Jerrod Rosen's family has been running grocery stores and restaurants in Denver since the 1920s. His great-grandmother, Anna Rosen, opened Rosen's Kosher Restaurant on Curtis Street in 1925, and his great-grandfather, Morris Klausner, ran Golden Rule Dry Goods at 38th and Walnut streets at about the same time. His grandparents and great uncle had other delis, markets and restaurants downtown over the years, and now the fourth-generation Coloradan is getting into the family business. Rosen is opening Rye Society at 3090 Larimer Street on Monday, July 23.
Rye Society combines tradition with modern sensibilities in the space that was most recently Hutch & Spoon. Rosen will offer sandwiches, soups, salads, bagels and other Jewish deli staples for breakfast and lunch, but will also serve grain bowls and other light, healthy options for the young and active RiNo neighborhood. So deli traditionalists will be able to feast on an oversized pastrami sandwich stacked with meat brought in from New York City's Carnegie Deli, but, Rosen notes, "We're also offering lighter fare that caters to a younger generation, with fresh ingredients from local producers, and we're paying more attention to quality ingredients, like making our own cream cheeses in-house."
Rye Society's menu was designed by chef Ryan Leinonen, who previously operated Trillium just a few blocks down Larimer Street. "Ryan came on and rocked out an amazing opening menu," Rosen notes. "We're lucky to have him."
The deli owner adds that his sister, a naturopath, had a hand in designing at least one menu item, dubbed "Doctor Rosen's Feel-Good Bowl."
Rosen and Leinonen toured dozens of classic and modern delis in New York City and Los Angeles for inspiration. Rosen explains that at one time, there were thousands of Jewish delis in the United States, but that the tradition faded and many of the older places that remained open became stuck in time. So the team made a point of exploring newer delis that have managed to inject new life into the model. "Wexler's [in Los Angeles] was a great influence for us because they are doing the new-school thing so well," he points out.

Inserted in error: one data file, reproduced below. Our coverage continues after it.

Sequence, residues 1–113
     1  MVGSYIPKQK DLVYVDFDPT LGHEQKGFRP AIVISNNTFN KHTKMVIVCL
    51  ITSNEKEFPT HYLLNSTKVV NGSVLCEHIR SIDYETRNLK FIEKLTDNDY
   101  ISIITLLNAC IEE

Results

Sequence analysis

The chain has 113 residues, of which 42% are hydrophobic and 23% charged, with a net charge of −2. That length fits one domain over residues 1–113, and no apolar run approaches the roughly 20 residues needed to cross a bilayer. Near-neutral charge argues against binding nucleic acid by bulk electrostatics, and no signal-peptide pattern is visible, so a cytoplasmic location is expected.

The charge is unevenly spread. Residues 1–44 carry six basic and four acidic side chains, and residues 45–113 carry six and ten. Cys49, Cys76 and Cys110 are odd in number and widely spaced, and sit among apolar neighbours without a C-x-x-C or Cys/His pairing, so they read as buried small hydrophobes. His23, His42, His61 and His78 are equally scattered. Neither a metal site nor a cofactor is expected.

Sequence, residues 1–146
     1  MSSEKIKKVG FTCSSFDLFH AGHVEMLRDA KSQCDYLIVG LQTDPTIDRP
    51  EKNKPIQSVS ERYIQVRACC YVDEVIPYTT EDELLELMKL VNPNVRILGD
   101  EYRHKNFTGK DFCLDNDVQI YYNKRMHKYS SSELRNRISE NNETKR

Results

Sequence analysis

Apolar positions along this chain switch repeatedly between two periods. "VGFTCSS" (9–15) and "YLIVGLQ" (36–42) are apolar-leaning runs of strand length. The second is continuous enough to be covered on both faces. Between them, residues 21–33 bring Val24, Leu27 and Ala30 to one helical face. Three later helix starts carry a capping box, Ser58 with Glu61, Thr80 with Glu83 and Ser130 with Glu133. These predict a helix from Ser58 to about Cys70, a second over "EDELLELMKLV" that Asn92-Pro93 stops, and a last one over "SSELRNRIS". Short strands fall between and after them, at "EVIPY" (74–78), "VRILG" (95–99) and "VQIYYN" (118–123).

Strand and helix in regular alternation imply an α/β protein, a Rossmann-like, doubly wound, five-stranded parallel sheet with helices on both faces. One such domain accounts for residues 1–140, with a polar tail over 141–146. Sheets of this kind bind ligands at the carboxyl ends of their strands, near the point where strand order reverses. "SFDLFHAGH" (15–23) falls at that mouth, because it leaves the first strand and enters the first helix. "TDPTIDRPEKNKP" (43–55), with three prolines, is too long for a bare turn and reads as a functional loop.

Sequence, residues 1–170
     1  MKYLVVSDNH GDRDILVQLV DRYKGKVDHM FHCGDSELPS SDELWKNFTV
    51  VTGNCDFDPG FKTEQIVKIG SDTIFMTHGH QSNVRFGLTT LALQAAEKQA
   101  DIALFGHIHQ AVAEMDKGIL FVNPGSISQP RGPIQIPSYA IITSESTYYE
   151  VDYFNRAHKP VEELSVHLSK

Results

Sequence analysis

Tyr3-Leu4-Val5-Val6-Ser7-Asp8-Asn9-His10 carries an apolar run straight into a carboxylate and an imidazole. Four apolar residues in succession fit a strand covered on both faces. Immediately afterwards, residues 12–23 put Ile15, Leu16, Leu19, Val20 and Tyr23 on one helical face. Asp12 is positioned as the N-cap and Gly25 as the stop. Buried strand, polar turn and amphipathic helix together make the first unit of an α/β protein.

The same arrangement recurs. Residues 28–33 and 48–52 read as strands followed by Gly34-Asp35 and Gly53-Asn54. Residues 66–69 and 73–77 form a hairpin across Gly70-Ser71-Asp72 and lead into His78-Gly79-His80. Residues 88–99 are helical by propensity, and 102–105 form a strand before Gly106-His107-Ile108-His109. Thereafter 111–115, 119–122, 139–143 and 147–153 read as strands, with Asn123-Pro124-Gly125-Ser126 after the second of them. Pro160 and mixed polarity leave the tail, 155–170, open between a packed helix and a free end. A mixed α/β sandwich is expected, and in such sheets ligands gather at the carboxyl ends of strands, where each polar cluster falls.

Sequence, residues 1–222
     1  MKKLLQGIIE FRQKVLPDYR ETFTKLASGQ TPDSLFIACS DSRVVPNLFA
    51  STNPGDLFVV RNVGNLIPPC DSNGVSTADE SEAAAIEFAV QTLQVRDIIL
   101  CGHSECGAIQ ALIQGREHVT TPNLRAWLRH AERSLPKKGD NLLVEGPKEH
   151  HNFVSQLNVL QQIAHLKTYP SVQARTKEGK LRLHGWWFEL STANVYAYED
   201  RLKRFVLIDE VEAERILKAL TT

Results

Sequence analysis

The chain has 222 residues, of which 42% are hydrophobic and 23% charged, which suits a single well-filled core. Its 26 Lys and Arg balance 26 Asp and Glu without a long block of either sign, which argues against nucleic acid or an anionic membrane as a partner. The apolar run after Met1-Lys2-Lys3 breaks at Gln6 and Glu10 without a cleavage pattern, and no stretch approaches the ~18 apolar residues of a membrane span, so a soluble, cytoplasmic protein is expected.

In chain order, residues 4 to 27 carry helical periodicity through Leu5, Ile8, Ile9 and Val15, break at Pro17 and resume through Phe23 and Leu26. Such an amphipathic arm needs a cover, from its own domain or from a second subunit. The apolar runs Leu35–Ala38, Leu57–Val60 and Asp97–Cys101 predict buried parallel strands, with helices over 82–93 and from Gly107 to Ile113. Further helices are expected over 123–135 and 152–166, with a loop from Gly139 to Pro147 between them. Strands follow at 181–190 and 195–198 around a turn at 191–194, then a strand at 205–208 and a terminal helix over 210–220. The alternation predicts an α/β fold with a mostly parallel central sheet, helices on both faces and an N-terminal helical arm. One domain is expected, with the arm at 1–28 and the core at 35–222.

Langer's was another Los Angeles inspiration, and Rye Society will have a sandwich that's a tribute to that deli's famous #19 pastrami sandwich, built with coleslaw, Russian dressing and Swiss cheese. Rosen calls his version the "#18 Plus One," which may or may not be a reference to the Denver Broncos' last great quarterback.
Sandwich bread is being baked by City Bakery, which will also provide rye rolls to accompany non-sandwich dishes, and bagels come courtesy of Rosenberg's in Five Points.
Rye Society's narrow corner space doesn't have much room for indoor seating; A few two-top tables sit beneath portraits of Larry David, Natalie Portman and Mila Kunis painted by artist Bec Winnel, and a row of stools offers extra seating along a rail that looks into a stairwell. A small patio facing 31st Street provides outdoor tables. Look for other decorative elements, such as a mural wall made up of photos from Rosen's family's restaurants and markets, all connected with a timeline detailing the family's history. In the bathrooms, there's wallpaper covered in puppies and kittens, some wearing yarmulkes. These playful elements speak to the history of Jewish delis while still feeling appropriate for the RiNo neighborhood.
Rosen kicked off Rye Society's catering branch two months ago and will open the deli to the public on Monday, July 23, with hours from 7:30 a.m. to 3 p.m. on weekdays and 9 a.m. to 3 p.m. on weekends. See the deli's website for more details.
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